Background In the United Kingdom (UK), practice nurses do not routinely consult with individuals with OA as most OA care is provided by general practitioners. However, evidence suggests that practice nurses are most likely to provide self-management support for patients with chronic disease in primary care and may be best placed to offer the core treatments recommended in the NICE OA guidelines (2008).
Objectives To i) identify the knowledge and confidence of practice nurses in providing self-management support for patients with OA and ii) examine the impact of an OA self-management training programme designed for practice nurses on knowledge and confidence.
Methods Practice nurses (n = 25) from 8 general practices involved in the MOSAICS trial were invited to complete a questionnaire to determine their knowledge and confidence regarding the management of OA using a 5-point Likert scale (higher scores = greater knowledge/confidence) and the Practitioner Self-Confidence scale (score range 4-20, ≥7 = low confidence). Nurses (n = 9) from the practices randomised to deliver the trial intervention then attended a 4 day training programme designed to enable delivery of the core NICE recommendations (information and advice, exercise/physical activity and weight management) using a patient-centred approach, a specially developed OA guidebook and goal setting, to enable self-management. Everyone that attended the training was asked to complete a post-training questionnaire.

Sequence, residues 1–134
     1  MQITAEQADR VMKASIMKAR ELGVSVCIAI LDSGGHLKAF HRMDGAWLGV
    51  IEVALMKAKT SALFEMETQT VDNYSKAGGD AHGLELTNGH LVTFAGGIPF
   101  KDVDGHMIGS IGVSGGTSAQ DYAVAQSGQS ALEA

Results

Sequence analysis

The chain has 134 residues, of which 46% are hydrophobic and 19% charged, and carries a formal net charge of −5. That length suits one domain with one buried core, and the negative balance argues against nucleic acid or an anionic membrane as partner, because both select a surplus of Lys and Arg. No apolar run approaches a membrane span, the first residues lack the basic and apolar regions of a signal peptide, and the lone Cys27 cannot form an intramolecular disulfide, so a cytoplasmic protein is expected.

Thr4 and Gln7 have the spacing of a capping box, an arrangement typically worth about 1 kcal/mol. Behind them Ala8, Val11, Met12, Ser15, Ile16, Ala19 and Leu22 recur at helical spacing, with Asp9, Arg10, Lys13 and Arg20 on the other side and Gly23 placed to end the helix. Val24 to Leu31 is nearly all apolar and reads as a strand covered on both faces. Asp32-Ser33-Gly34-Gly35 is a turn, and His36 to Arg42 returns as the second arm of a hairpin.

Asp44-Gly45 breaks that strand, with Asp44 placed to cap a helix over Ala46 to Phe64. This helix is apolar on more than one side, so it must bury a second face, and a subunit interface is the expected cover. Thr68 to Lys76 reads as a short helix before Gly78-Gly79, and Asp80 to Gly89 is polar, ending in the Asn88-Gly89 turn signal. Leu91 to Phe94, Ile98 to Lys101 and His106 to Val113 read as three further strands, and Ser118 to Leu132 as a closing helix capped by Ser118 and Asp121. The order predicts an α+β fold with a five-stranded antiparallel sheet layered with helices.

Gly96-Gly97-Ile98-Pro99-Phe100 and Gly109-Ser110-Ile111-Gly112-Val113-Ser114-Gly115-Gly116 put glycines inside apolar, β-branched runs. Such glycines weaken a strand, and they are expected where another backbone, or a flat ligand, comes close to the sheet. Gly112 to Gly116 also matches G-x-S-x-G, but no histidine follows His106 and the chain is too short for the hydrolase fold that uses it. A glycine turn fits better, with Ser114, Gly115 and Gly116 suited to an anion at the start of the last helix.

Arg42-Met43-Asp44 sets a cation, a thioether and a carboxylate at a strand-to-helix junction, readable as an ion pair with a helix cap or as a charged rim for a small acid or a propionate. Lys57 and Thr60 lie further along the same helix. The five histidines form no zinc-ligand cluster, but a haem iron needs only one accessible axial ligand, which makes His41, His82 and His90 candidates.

Results Of those invited to participate, 21 (84%) nurses completed the initial questionnaire. All nurses were female, average years qualified was 25.8 years (sd 10.8), 9.5% were further qualified as nurse practitioners and some had experience or training in musculoskeletal medicine (23.8%) or Orthopaedics / Rheumatology (33.3%). In terms of knowledge, only 4.8% scored 4 and above when asked how much they had heard or read about the NICE OA guidelines. All nurses reported very low confidence (16.1 sd 3.0) regarding the decisions needed when caring for patients with chronic joint problems, with 67% reporting no confidence in examining peripheral joints. Of the 9 nurses that undertook the training, 8 (88.8%) completed the post-training questionnaire. Training increased knowledge of OA with all nurses scoring 4 and above when asked how much they had heard or read about the NICE OA guidelines. Confidence also improved significantly in those that were trained with scores improving by 8.6 points on average (p<0.001). Similarly, there was a large shift post-training in the percentage of nurses feeling OA management was part of their role (4.7% to 62.5% scoring 4 or above).
Conclusions NICE recommend that healthcare professionals should support patients with OA to self-manage their condition. The results of this study show a significant gap between what is recommended and what nurses feel they can currently provide in terms of OA management. The development of a practice nurse training prpgramme goes some way to develop a system in primary care for delivering the core recommendations by NICE. Evaluation of the training suggests that it enables practice nurses to feel more knowledgeable and confident in supporting patients to manage their OA more effectively.
Disclosure of Interest None Declared